Opportunistic infections in the setting of immunosuppression may present in unusual ways. This is a fortunate case in which a suspected cutaneous malignancy was proved to not be a neoplastic process. Furthermore, the infectious etiology was isolated and easily cured with small surgical excision. Reviewing her history and the literature, we hypothesized that the initial etiology was likely either a remote forgotten trauma or an infection after personal drainage attempts. This case reinforces the need for collaboration between specialties as well as the role of medical literature in pinpointing a rare diagnosis and pursuing appropriate management and follow-up.
* Patient name is fictitious.
1 [No authors listed] Leads from the MMWR. Revision of the CDC surveillance case definition for acquired immunodeficiency syndrome. JAMA. 1987;258(9):1143-1145, 1149, 1153-1154.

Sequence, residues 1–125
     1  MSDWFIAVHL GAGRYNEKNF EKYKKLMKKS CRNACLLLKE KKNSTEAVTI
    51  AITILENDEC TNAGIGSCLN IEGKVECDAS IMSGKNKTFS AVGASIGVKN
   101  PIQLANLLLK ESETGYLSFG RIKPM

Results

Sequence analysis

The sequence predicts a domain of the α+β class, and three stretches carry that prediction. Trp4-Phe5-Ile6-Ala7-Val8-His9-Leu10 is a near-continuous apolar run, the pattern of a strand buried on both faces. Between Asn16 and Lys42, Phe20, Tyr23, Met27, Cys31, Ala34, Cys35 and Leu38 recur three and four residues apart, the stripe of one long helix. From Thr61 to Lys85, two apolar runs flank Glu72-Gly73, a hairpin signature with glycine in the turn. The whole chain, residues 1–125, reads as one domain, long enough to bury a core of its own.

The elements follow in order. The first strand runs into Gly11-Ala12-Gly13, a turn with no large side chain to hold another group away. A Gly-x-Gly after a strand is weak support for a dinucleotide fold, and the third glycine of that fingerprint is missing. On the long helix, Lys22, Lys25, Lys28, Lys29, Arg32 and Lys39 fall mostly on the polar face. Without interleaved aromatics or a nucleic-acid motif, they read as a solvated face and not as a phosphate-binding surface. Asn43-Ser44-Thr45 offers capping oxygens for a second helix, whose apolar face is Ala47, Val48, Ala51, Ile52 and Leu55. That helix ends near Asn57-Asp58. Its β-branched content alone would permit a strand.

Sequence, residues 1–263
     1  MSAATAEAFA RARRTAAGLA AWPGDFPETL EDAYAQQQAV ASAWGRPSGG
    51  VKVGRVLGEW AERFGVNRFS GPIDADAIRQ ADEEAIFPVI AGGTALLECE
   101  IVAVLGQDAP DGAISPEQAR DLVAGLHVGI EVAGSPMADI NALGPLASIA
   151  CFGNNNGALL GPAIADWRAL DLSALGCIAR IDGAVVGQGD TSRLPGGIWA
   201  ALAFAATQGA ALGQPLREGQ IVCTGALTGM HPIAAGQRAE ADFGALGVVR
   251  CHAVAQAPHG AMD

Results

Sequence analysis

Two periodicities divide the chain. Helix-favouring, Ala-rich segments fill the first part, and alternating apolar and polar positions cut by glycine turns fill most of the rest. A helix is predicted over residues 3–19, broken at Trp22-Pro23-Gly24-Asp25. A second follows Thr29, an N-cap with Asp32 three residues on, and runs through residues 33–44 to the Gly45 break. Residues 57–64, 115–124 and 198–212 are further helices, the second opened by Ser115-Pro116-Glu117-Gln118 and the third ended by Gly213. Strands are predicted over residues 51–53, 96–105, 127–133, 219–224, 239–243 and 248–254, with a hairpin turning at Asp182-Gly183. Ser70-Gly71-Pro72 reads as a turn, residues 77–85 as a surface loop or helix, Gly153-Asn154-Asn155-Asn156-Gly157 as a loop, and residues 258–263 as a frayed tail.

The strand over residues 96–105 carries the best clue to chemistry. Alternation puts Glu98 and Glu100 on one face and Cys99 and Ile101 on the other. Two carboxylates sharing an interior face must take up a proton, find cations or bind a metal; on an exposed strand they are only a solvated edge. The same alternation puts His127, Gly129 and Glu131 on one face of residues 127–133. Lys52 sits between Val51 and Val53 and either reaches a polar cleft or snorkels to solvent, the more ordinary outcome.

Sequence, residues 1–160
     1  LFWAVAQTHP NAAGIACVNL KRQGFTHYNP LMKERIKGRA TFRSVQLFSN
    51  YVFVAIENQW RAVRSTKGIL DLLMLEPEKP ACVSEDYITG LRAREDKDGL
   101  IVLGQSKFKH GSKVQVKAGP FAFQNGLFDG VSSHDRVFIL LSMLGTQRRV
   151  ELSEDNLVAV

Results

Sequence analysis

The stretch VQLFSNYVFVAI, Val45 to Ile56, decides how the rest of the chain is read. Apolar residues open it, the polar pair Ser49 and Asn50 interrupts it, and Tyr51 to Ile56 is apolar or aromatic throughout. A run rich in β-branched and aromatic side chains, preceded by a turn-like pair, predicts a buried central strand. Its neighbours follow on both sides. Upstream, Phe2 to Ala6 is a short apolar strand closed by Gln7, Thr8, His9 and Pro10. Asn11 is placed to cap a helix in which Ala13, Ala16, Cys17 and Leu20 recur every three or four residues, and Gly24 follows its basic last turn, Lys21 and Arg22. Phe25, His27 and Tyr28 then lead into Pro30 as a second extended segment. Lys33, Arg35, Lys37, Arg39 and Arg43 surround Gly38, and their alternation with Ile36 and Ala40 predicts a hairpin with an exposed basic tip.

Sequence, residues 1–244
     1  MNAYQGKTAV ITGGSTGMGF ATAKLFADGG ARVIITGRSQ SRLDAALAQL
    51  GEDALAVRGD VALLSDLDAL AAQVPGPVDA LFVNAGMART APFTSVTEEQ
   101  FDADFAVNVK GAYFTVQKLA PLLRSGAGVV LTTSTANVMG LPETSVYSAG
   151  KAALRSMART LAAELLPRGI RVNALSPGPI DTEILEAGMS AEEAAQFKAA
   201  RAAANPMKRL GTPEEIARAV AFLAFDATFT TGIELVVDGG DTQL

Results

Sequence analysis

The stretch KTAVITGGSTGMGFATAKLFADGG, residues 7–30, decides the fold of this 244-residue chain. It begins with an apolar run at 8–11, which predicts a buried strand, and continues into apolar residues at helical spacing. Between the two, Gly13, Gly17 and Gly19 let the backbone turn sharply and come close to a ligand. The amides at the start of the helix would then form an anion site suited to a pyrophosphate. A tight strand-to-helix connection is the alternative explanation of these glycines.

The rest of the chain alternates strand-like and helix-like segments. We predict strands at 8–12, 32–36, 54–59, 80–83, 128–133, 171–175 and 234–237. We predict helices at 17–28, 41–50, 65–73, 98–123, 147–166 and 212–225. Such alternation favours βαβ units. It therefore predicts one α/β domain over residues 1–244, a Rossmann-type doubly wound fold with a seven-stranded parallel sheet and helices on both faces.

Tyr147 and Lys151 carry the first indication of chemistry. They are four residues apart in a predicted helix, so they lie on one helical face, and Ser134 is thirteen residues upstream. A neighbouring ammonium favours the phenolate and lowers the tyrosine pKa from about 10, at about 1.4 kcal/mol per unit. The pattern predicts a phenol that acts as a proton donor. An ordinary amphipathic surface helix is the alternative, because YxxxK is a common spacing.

2 Hajjeh RA. Clin Infect Dis. 1995;21(suppl 1):S108-S110.
3 Baddley JW et al. Diagn Microbiol Infect Dis. 2008;62(2):151-156.
4 McKinsey DS et al. Clin Infect Dis. 1997;24(6):1195-1203.
5 Smith JA et al. Curr Infect Dis Rep. 2013;15(5):440-449.
6 Buitrago MJ et al. Mycoses. 2011;54(6):e859-e861.
7 Gomez-Moyano E et al. J Mycol Med. 2011;21(3):210-213.
8 Merin MR et al. Ophthal Plast Reconstr Surg. 2011;27(2):e41-e42.
Dr. Tan is a third-year resident and Dr. Moreau is an assistant professor of ophthalmology; both are at the Dean McGee Eye Institute in Oklahoma City. They report no related financial interests.